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RescueTime review

Our Rating :
Price when reviewed : £44
inc VAT

The best method we’ve found to see where we’re wasting time

When both your work and personal life are dominated by a computer, it’s easy to let the two cross over. Online shopping and social media make it all too tempting to procrastinate, which means you work late and wonder where the day went.

If you often find yourself missing work deadlines, you may need RescueTime, a web-based service that helps you to stop wasting precious minutes and hours. RescueTime uses a desktop client to track exactly what you’re doing with your time, and set goals and classify tasks based on how productive you think those tasks are. If, for example, you find that replying to emails and attending futile meetings take up too much of your time then you mark those tasks as unproductive.

RescueTime dashboard

When you first sign up to RescueTime, a getting started guide introduces you to the web interface’s main dashboard and you’re prompted to set goals. You can also block distracting websites, access a full record of your productivity over time and log time spent away from the computer.

We started by setting some basic goals for what we wished to achieve. We wanted to spend less than 2.5 hours unproductive time between 6am and 8pm, and more than 2.5 hours productive time in both the morning and afternoon, including our lunch break.

Over the course of a day, RescueTime monitors your activity and displays your productivity pulse, which shows how productive you are as a percentage. Doing activities you’ve classed as productive will raise the productivity pulse, while wasting time on unproductive activities lowers it.

Over the first few days, you’ll probably want to refine RescueTime’s default settings. Your goals might need a bit of tweaking, too. Within our definition of productive time, we found that we almost never met our morning goal but exceeded our afternoon goal. We could use this information to see how realistic our goals were, as well as our most efficient periods of the day.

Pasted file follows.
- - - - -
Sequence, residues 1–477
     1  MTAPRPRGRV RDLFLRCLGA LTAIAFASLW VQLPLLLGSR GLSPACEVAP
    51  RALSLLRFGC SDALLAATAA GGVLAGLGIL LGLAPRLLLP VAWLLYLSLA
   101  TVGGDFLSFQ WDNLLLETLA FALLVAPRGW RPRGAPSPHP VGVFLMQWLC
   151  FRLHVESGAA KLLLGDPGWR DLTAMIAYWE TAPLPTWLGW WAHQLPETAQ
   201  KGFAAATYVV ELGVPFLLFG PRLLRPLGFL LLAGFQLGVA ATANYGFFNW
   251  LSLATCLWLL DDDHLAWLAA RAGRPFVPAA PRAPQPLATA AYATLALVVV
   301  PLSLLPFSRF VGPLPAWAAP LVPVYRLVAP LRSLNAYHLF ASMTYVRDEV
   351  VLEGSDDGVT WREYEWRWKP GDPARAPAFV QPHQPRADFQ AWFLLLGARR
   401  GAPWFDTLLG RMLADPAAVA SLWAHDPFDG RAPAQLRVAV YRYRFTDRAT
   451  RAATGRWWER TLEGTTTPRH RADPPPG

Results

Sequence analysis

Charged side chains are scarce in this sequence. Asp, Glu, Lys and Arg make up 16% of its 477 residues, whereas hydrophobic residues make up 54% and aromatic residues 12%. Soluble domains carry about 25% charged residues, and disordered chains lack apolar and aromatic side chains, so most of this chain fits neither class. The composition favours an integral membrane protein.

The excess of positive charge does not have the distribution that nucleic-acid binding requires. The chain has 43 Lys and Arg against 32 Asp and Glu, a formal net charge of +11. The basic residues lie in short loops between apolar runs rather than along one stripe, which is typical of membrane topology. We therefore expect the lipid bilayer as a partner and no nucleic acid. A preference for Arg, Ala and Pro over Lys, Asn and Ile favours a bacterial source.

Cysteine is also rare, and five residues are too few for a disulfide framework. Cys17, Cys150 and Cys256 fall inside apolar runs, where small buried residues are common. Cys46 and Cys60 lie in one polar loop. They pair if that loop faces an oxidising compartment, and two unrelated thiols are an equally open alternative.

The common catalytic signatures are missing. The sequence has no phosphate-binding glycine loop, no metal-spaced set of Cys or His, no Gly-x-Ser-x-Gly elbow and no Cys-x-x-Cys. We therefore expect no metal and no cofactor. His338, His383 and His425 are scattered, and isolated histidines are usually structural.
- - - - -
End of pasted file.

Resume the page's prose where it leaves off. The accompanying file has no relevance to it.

RescueTime ratings
You can define your own productivity ratings for different types of activities

We also discovered some surprising things about our productivity: Friday afternoons were our least efficient period when working in the office, but our most productive period when we worked from home.

Those who tend to overwork, either at home or at the office, will be pleased to know that you can configure alerts to let you know that you’ve hit a certain goal for the day. You can be notified via email or a pop-up message. You can also use the alert system to give you a nudge if it looks as if you’re falling behind. A mobile app for Android and iOS lets you track activities when you’re away from your PC.

The desktop client can log everything you do over 24 hours, but tracking productivity over this long period can reduce the accuracy of your productivity score if you use the same computer for work and play. Thankfully, you can define a specific time period to monitor. You can also use RescueTime’s Advanced Filters settings to monitor different periods for different days, perhaps because you work different hours at the weekend.

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Price £44
Rating *****

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